The Salt
2:26 pm
Fri March 30, 2012

Is That A Crushed Bug In Your Frothy Starbucks Drink?

The tiny white insects that feed on cactus turn into red cochineal when crushed. Starbucks uses the dye in some of its products.
Flickr via Wikimedia Commons

Call it the tempest in the Frappuccino. Some Starbucks patrons have been distressed to learn that the chain's Strawberry and Creme Frappuccino owes its pink coloring to crushed insects.

The coloring in question, cochineal, is made from a tiny white insect, Dactylopius coccus. When crushed, its body exudes a brilliant red color. Cochineal has been used as a coloring for foods and makeup for centuries.

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The Two-Way
2:18 pm
Fri March 30, 2012

Current TV Fires Keith Olbermann

Keith Olbermann hosted a commentary show on Current TV.
Current TV

Less than a year after he was hired, Current TV said it was ending its contract with lead anchor Keith Olbermann. Former New York Gov. Eliot Spitzer, who had an ill-fated run on CNN, will replace him.

Current announced the move in an open letter to its viewers from Al Gore and Joel Hyatt, Current's founders.

The letter reads in part:

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Jazz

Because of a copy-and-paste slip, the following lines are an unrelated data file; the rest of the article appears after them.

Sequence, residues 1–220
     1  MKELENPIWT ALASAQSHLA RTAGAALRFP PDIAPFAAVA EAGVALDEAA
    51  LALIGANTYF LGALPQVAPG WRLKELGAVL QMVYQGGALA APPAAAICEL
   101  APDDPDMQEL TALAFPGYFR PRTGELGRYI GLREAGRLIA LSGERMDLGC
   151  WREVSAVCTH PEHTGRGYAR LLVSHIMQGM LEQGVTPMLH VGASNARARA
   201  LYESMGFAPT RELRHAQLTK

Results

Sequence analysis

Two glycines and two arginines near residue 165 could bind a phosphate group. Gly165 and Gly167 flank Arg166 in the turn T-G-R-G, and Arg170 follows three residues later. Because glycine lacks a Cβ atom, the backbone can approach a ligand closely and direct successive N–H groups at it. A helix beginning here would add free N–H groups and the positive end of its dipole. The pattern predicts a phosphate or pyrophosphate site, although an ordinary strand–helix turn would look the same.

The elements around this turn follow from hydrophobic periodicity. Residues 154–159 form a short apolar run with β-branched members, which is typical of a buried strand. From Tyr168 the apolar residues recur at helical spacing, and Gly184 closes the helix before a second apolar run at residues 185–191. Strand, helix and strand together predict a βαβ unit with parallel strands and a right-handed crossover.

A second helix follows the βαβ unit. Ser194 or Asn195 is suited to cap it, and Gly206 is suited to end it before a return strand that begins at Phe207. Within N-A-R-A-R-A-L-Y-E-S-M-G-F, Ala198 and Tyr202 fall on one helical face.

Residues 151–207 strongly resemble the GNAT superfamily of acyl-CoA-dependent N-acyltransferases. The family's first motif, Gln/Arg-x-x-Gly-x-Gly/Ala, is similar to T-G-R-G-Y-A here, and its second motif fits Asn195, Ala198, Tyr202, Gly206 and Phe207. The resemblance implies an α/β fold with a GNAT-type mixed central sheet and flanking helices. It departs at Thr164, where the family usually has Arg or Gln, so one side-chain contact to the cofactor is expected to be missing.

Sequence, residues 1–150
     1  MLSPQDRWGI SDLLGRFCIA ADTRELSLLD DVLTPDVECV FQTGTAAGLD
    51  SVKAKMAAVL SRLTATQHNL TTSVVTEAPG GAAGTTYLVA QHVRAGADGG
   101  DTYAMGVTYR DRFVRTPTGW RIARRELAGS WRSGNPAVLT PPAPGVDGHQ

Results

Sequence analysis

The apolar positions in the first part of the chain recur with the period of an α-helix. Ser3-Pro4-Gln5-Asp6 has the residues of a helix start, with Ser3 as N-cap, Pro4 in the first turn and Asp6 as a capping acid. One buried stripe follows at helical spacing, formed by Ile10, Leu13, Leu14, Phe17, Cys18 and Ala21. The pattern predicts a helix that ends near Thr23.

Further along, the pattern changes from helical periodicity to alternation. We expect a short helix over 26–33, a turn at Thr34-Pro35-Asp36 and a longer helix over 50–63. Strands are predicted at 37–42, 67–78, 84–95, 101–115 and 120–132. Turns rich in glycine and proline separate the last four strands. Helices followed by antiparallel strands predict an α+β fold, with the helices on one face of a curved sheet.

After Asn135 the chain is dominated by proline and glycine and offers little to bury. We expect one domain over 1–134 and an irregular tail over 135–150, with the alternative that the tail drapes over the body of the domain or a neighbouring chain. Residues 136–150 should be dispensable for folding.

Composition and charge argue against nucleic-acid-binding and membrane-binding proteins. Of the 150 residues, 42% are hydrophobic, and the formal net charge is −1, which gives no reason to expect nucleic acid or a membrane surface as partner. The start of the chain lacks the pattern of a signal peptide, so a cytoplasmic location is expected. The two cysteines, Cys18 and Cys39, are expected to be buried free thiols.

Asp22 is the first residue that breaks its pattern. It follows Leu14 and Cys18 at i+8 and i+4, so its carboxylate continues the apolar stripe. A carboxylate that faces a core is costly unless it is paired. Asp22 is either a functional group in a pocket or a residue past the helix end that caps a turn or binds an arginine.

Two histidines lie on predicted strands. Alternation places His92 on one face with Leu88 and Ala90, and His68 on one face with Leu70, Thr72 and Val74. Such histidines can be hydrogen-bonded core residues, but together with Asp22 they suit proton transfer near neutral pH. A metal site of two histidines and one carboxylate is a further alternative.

1:56 pm
Fri March 30, 2012

Reviving James Booker, The 'Piano Prince Of New Orleans'

Piano player James Booker is considered a New Orleans legend.
Bunny Matthews

Every day in New Orleans, Lily Keber rolls out of bed and walks to a flat, minor office building to meet her muse. Keber makes a cup of coffee with chicory, hooks up her computer and waits for what sounds like a dozen spiders to crawl across a piano.

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Asia
1:50 pm
Fri March 30, 2012

Myanmar Hurriedly Prepares For An Election

A man holds a portrait of Myanmar opposition leader Aung San Suu Kyi during a rally for a candidate of her National League for Democracy party on Friday. The country is holding elections for some parliamentary seats on Sunday.
Christophe Archambault AFP/Getty Images

Originally published on Fri March 30, 2012 2:33 pm

In Myanmar's capital, Yangon, there's an unremarkable old building that's drawing people from around the world.

It's the headquarters of the National League for Democracy, the political opposition party headed by pro-democracy icon Aung San Suu Kyi. This weekend, she is running for elective office for the first time, and the humble house has become the focus of even greater attention.

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Planet Money
1:49 pm
Fri March 30, 2012

On Tour With Nancy Pelosi, Fundraising Rock Star

Nancy Pelosi has raised $300 million for Democrats.
J. Scott Applewhite ASSOCIATED PRESS

This story is part of a Planet Money series on money in politics. Also see our story, "Senator By Day, Telemarketer By Night, and listen to us this weekend on This American Life.

Democrats love Nancy Pelosi. Republicans hate Nancy Pelosi.

One key reason for both the love and the hate: Nancy Pelosi is incredibly good at her job. And a huge part of that job is raising money.

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Latin America
1:28 pm
Fri March 30, 2012

Venezuelans Tune In For Scoops On Chavez's Health